Indulge the healthy way

Is a long weekend at a 'dry' fitness retreat really any way to celebrate a birthday? Despite the lack of booze, Grayshott Hall - England's original spa - left Raymond Whitaker on a high

It was my birthday. To celebrate, my wife and I had ordered from a menu including dishes such as beef carpaccio, poached pheasant, poussin with caramelised vegetables and twice-poached pear with a wine and cream sauce. And what did we drink to mark the occasion? Cold water.

It was my birthday. To celebrate, my wife and I had ordered from a menu including dishes such as beef carpaccio, poached pheasant, poussin with caramelised vegetables and twice-poached pear with a wine and cream sauce. And what did we drink to mark the occasion? Cold water.

We were at Grayshott Hall, a health and fitness retreat in Surrey that has a strict no-alcohol regime, although it is far from being a prison camp. While determined slimmers can stick to a low-calorie menu in a separate dining room, the less penitential can eat well, as the list above shows. Indeed, it must be uniquely testing for a chef when the calorie content of everything you cook is listed next to the dish, and the diners' critical faculties are not blunted by bordeaux or sauvignon blanc. If you must smoke, you can do so in the billiard room, and if you can't get through the weekend without alcohol, there are a couple of pubs outside the gates - which are not locked.

You might be wondering why I should choose to deprive myself on my birthday. Well, having been born exactly two weeks after Christmas, I long ago learned to accept that very few people are in the mood for further excesses when the cake hasn't been finished and the New Year hangover is still lingering. I feel much the same way myself, now that the years whistle past at increasing speed.

So it seemed like a good idea to start 2005 with a bit of de-stressing and healthy living for a change. Grayshott Hall describes itself as "one of the UK's few remaining authentic health retreats", by which it means that the increasing number of country-house hotels that have installed a Jacuzzi and a few exercise machines are not doing the thing seriously. Here they aim to purify you, regenerate you and set you firmly on the path to healthy living, if you so choose.

Let me say that I am no New Ager. Apart from the odd visit to the Turkish baths at Ironmonger Row in London (where you can steam quietly in the company of traders from the nearby Whitecross Street market and be pummelled by masseurs with the demeanour of ex-Army gym instructors), I am a stranger to alternative therapies and philosophies (what my daughter calls "woo-woo stuff"). My position on crystals is that they might make your bath smell nice, but they won't do anything for your soul.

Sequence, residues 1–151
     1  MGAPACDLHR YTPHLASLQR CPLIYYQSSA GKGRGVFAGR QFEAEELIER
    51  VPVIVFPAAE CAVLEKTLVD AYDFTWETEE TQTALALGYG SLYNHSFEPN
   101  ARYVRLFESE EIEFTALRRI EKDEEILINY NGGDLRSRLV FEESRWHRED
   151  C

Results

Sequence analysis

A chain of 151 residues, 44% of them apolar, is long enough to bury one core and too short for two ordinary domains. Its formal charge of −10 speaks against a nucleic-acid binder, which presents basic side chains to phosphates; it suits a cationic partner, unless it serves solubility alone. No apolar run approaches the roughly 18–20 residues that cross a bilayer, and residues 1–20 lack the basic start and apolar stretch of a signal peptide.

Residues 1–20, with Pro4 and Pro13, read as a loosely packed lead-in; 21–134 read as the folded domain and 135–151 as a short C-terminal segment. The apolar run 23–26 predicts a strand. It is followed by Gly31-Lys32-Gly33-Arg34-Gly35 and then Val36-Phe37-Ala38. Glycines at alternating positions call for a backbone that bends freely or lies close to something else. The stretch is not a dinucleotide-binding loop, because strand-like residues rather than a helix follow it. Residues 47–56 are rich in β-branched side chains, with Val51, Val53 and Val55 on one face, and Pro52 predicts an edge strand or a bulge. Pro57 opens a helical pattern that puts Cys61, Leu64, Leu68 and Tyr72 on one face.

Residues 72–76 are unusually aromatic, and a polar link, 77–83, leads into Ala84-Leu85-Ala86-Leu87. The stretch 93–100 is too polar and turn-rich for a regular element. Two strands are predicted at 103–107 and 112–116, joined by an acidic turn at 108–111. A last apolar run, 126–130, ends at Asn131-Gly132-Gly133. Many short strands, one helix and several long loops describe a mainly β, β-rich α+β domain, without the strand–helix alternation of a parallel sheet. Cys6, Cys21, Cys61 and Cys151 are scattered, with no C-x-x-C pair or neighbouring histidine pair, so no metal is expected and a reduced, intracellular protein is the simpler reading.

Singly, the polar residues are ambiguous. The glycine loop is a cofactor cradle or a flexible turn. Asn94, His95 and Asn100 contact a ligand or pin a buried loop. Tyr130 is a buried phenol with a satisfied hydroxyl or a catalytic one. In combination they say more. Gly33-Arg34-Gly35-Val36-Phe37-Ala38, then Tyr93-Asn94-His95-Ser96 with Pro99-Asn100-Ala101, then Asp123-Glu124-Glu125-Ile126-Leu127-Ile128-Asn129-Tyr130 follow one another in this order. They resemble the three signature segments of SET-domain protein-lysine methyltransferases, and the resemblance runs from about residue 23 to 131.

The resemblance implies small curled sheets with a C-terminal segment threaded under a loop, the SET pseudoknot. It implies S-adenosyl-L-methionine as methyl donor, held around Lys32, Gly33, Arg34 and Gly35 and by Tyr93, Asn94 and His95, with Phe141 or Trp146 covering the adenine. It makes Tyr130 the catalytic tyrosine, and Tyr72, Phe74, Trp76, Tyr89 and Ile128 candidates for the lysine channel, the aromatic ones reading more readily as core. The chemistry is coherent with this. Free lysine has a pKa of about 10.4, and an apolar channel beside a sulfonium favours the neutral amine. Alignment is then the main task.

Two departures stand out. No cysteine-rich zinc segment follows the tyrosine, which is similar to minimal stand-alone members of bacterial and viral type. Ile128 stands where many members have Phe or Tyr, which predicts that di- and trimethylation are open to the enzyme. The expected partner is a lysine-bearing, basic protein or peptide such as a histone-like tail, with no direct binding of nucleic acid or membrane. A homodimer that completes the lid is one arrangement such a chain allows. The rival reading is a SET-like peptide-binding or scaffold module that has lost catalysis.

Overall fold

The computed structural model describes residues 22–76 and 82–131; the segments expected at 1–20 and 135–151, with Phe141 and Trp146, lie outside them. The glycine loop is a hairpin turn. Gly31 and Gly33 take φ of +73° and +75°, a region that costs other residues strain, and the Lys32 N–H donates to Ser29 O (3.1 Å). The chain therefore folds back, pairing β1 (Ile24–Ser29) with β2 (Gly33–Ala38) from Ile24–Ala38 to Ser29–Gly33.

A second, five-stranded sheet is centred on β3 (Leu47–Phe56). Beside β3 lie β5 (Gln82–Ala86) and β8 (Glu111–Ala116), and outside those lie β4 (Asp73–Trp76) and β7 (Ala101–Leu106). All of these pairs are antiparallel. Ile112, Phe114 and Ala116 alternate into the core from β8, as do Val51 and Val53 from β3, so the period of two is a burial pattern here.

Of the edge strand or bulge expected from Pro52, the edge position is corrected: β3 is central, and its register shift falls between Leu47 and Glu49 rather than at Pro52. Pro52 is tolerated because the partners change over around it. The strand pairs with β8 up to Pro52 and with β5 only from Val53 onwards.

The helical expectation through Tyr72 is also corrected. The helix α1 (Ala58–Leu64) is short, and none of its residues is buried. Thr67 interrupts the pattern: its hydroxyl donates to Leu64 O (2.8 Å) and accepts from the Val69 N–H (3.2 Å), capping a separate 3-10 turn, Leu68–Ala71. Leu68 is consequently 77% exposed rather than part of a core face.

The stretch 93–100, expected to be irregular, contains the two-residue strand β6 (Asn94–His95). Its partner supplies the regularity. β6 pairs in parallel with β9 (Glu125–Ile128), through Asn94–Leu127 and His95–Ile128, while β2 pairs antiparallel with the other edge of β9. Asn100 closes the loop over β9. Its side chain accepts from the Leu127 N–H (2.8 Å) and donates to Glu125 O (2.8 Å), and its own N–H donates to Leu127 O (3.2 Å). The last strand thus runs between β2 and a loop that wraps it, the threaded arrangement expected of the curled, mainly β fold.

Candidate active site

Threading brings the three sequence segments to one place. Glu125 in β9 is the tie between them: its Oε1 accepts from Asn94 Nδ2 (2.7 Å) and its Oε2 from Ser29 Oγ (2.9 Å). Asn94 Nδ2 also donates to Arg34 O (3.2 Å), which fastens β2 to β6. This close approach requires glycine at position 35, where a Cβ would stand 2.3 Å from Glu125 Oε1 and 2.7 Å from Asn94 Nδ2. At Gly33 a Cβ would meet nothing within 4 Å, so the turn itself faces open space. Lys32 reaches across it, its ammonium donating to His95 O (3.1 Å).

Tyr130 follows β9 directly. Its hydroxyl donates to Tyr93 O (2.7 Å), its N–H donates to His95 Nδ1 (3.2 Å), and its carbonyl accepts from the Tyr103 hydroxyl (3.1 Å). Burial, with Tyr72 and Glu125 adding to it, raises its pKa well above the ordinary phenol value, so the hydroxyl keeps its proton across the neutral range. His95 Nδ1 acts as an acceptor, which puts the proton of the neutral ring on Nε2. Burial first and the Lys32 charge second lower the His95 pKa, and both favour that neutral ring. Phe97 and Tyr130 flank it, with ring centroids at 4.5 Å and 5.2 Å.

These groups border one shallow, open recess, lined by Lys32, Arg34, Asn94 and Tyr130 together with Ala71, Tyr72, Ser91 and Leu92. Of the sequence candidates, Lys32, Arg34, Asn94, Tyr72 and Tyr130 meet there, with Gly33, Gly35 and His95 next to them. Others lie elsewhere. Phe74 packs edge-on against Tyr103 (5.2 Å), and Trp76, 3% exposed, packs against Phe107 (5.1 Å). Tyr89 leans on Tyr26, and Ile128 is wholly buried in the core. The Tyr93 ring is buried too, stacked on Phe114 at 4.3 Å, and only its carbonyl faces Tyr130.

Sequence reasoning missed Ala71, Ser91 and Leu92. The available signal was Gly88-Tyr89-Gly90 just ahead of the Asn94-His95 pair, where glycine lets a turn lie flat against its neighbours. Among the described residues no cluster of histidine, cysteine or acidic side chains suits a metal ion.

It was in a mood of polite scepticism that I arrived at Grayshott Hall, a reassuringly sturdy manor house near Hindhead, on the border between Surrey and Hampshire. Once the country retreat of Alfred Lord Tennyson, it was rebuilt in Victorian baronial style by Alexander Ingraham Whitaker, whose branch of the family made its fortune exporting marsala from Sicily to Britain. Alexander added a tower in 1886 with the mottoes "Pax Intrantibus" (Peace as you enter) and "Salus Exuentibus" (Health as you leave), which proved entirely appropriate when the manor became a health spa 78 years later. Facilities have been constantly added since, catering to every form of exercise as well as health and beauty treatment.

The first indication that this is not a conventional country-house hotel is when you arrive fully-clothed at the reception desk and see your fellow guests swanning around in fluffy white dressing gowns. Most people do not bother to put on proper clothes until dinner, which is preceded by a "cocktail hour" featuring fruit juice. The robes create a rough democracy that belies the high cost of this kind of leisure break, though I recognised a famous actress giving an insider's assessment of Oscars form, and eavesdropped on a glamorous gaggle of women who seemed to be married to Arsenal footballers, judging by their knowledge of the club's training schedules.

Once we had installed ourselves in our comfortable, chintzy room and donned our white robes, we submitted to weight and blood pressure checks, answered a catalogue of general health questions and were invited to discuss our health and exercise "goals". I was quite clear what I was there for: no workouts, no self-flagellation, just relaxation and a dose of moderation. Oh, and exfoliation, which involves being scrubbed with a mixture of clay and rock salts.